Skiing Mammoth snow

I had to change my powder-alert email settings from Mammoth. Everyday I would receive snow mail in my inbox from California, one foot overnight, three feet in a week, 100 inches in 10 days. Enough already! Surely you have heard that California mountains are buried in record amounts of the white stuff, topping 28-feet (while we right-coasters are still measuring in inches).

Californians wrote the book on how to play, and Mammoth is their #1 winter playground. The state motto “Eureka,” is Greek for “I have found it.” Our April ski truip we found it too – snow in Mammoth proportions.

We got a firsthand taste of the “foot overnight phenomenon,” followed by a day of sun and then more of the aforementioned powder – so goes the Mammoth cycle. None of the locals seemed shocked by our good fortune, or the super-sized 15-foot base depths, just another day in this winter play land apparently.

This top rated ski resort, located in the center of the “Golden State,” has one of the longest, deepest, sunniest ski seasons in the country. Multiply a 200-day ski season, with 300 days of sunshine a year, then add 400 inches of snow and you have yourself one Mammoth ski trip.

Mammoth has undergone a big resort renaissance from Intrawest, same magic wand that transformed the likes of Tremblant, Copper and Whistler.

We stayed at the Village at Mammoth, in a spacious alpine-motif condo. We could walk to the handful of shops, pubs and restaurants in the pedestrian plaza.

Mammoth is monstrous as its name implies, with 3,500-acres served by 28 lifts – an impressive uphill capacity nearing Whistler. In fact, you can ascend the entire 3,100’ vertical via one speedy scenic gondola to the 11,053’ summit, and ski in all directions.

Mammoth should not be lumped in with the Sierras of Lake Tahoe. The base elevation at Mammoth is 8,000’, equivalent to Squaw Valley’s summit.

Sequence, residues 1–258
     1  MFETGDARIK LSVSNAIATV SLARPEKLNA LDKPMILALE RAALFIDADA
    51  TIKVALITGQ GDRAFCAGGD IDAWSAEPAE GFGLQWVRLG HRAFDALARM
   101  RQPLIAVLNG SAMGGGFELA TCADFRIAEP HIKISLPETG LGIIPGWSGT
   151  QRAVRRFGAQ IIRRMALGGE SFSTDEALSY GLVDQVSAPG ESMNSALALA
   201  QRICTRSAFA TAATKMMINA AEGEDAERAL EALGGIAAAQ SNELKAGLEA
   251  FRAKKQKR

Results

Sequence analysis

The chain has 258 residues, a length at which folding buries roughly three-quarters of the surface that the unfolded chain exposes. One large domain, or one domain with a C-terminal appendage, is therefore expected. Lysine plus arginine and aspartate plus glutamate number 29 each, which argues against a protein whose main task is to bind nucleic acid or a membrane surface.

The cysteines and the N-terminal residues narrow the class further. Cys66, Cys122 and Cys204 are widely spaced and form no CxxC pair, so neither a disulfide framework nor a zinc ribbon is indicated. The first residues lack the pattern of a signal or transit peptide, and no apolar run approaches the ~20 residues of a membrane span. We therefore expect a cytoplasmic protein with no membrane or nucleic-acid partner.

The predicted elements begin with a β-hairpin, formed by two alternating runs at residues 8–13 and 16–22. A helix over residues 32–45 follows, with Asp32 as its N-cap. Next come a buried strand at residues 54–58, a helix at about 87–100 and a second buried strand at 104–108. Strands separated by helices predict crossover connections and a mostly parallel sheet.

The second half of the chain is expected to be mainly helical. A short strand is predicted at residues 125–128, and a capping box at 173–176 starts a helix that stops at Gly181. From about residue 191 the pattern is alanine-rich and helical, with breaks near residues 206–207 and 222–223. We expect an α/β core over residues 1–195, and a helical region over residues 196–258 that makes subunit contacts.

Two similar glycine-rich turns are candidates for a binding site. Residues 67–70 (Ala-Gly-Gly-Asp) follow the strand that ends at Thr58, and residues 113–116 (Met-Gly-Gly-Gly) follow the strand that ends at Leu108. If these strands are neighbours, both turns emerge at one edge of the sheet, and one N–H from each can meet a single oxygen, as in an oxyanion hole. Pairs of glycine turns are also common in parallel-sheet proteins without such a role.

Surrounded by desert (and a 3-hour haul from Reno airport), Mammoth is subject to a unique weather convergence of abundant powder, sunshine and a blow-your-hat-off High Sierra wind. The blustery tendency is both a curse and a contributor. While gondola closures can be an issue, dyed in the wool Mammoth-ites will tell you those gusts of snow blowing wind keep the slopes “buffed.” Snowdrifts fill in mogul fields and give a fresh coat of “pow” each night – sometimes even between heart thumping runs.

Mammoth is ultra popular with snowboarders, it is a California thing (dude). One snow surfer told me Mammoth has “vibe” – I believe that is a good thing. The entire massive mountain rides like a giant natural terrain park with peaks, bowls, cliffs and curves.

Mammoth holds its head high with the best ski resorts in the West. The above-tree line bowls of Dave’s and Scotty’s are as vast as Vail with the pitch of Snowbird. Cliff lined chutes of Hangman’s and Huevos Grandes will satisfy adrenaline seekers like the Big Couloir at Big Sky. The stunning rock formations of Dry Creek remind me of an off-piste adventure at Val D’Isere in France, and Avalanche Chutes 1-3 can hold their candles up to Alta’s steepest.

Scenery is my thing, and this central Cali resort overlooks the striking Sierras and spectacular Yosemite National Park, with shimmering lakes below towering century old pines.

Our kids loved the mascot, Wooly Mammoth (you get the picture). If you don’t see the furry character out and about, capture a photo with the massive bronze likeness near the Mammoth Mountain Inn.

Après ski is definitively French – but easily translates in Californian. Bands play on the Mammoth’s sundecks and in the Village. Skiers and riders don shades and shorts to hang out and soak up the lingering west coast rays.

If you are looking for serious snow, Mammoth should be your California dream destination. With the entire High Sierra peak snow-coated well into May, you can make tracks at this lofty area long after Maine resorts spin their last chair.

We combined our April family vacation with a kid-pleasing stopover at California Disney and a pass through Hollywood, flying in and out of L.A (with a six-hour drive to Mammoth). Reno is your recommended direct gateway to get to Mammoth most readily.

And if you want Eastern skier torture by technology – sign up for the Mammoth Powder alert, they get dumped on – Eureka, you get “snow mail.”

See our Mammoth Ski Review